Another drawback to using the @font-face method is that it is not immediately cross-browser compatible. You do have to add a little extra CSS code to assure it is.

Lastly, when using the @font-face method, you should know that it is not a replacement to using font stacks because in some cases, the font may not load properly and you would require a fallback. With that in mind, below is a code snippet showing you an example of using @font-face. Notice that the font-family property or element above the src acts as an identifier for your font, so that when you use the font in a selector, you identify the font in the font stack using it.

@font-face {
font-family: myfont;
src: url('myfont.otf');

As an alternative you could use services like Typekit, FontDeck, or even the Google Web Fonts API or use some of the pre-made @font-face kits provided on FontSquirrel, or even create your own.

There’s also an article right here on SpyreStudios about @font-face.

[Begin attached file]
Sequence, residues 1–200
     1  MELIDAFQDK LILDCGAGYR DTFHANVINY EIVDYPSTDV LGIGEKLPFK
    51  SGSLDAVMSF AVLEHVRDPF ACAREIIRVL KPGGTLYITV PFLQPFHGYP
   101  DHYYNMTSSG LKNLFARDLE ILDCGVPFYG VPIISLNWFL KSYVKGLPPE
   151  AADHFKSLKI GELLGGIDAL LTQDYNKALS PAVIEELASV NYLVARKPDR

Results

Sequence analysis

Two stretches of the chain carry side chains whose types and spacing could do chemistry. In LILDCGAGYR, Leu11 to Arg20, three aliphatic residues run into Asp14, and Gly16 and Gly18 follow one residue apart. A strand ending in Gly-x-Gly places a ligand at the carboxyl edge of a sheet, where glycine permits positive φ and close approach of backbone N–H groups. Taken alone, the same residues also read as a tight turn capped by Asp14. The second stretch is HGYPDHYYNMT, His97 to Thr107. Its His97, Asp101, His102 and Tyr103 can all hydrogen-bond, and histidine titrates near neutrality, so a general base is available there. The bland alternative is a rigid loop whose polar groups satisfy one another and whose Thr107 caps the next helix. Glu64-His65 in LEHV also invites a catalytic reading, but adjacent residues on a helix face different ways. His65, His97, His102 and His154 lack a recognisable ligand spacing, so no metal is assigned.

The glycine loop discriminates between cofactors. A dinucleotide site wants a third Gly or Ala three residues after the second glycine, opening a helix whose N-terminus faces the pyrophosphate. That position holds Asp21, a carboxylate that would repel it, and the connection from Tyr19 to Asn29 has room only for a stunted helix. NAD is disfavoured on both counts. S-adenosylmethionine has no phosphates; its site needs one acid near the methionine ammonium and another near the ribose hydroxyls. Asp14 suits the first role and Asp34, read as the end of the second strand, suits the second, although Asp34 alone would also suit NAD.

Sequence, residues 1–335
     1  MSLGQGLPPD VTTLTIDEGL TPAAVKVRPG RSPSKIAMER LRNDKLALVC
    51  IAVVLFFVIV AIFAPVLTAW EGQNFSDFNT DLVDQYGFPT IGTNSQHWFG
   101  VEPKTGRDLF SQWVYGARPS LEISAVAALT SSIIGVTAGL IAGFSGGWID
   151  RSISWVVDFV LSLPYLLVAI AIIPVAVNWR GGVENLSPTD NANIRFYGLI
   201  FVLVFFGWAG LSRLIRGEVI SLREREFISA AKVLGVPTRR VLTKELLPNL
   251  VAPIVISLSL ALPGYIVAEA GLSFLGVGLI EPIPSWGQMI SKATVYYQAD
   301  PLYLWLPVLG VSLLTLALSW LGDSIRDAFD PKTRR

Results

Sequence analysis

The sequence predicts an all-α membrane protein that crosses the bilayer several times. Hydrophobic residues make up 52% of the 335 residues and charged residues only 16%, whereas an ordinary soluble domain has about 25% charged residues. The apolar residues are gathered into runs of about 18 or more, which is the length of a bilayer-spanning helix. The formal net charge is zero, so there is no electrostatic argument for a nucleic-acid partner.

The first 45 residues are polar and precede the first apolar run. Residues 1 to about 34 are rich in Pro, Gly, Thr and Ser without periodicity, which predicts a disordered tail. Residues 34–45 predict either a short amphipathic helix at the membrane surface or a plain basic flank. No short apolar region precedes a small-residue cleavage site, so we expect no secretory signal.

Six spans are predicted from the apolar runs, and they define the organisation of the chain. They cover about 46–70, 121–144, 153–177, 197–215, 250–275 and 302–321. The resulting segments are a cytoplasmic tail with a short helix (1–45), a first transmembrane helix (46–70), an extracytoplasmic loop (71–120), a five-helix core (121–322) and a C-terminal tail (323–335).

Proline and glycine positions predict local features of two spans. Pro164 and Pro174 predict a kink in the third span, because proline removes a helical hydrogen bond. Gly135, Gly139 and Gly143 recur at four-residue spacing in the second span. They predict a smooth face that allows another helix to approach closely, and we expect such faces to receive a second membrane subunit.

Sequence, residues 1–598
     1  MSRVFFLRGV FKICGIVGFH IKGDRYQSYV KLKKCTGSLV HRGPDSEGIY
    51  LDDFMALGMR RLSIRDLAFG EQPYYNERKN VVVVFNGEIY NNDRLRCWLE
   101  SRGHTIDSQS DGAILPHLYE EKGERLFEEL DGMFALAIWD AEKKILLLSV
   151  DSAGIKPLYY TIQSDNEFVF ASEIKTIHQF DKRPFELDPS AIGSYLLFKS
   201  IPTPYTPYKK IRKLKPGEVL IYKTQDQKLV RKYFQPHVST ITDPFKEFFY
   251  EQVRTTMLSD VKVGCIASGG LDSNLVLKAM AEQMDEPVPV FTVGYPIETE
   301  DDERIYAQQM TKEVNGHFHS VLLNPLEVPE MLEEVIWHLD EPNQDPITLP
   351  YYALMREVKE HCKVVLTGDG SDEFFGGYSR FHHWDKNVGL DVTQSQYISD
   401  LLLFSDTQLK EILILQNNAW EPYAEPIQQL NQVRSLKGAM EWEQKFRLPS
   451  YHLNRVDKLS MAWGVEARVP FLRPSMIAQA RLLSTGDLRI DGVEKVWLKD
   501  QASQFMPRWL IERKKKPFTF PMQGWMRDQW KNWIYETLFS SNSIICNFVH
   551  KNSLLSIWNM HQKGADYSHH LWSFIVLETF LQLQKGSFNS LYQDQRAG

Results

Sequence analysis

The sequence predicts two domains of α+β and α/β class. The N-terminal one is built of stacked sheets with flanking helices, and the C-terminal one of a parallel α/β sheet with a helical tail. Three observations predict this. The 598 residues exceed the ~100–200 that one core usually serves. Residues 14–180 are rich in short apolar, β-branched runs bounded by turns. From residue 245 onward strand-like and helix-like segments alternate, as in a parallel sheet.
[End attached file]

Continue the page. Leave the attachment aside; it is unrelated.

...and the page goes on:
To conclude, the techniques we provided are definitely not the full list of simple great enhancements. However, they are techniques that are often improperly used or not fully implemented.

With that said, using the techniques properly can definitely make great enhancements to your overall typography and design without spending the time creating workarounds for techniques that do not need it. Let alone the effort put into making your workarounds compatible with different browsers.


  1. says

    Line height refers to the whole line, including the spacing, not just the space between. And “anywhere from 10-18px depending on the font” isn’t particularly solid advice. It’s true that you have to stick to what looks good, but a good starting point is 150%, which means 150% of the font size, or half again as much space as the height of the font.

  2. Bogdan Pop says

    Ah, if you really want a good starting point for everything you should look after in terms of typography, the dedicated chapter in smashing book #1 was the best I’ve seen so far in a book or online article.

  3. EnQ says

    Technically, @font-face is nice. However, due to the very few fonts that can be used freely and many @font-face incompatible licensing terms, it’s practically of no use. Worse, read the fine print when using any font hoster, they may forbid certain usages or even generic printing of any content on your website (not just the one, the font applies to). It’s a licensing nightmare – in short: If you don’t create your own fonts or are 101% sure it is really okay to use in your case, don’t use it!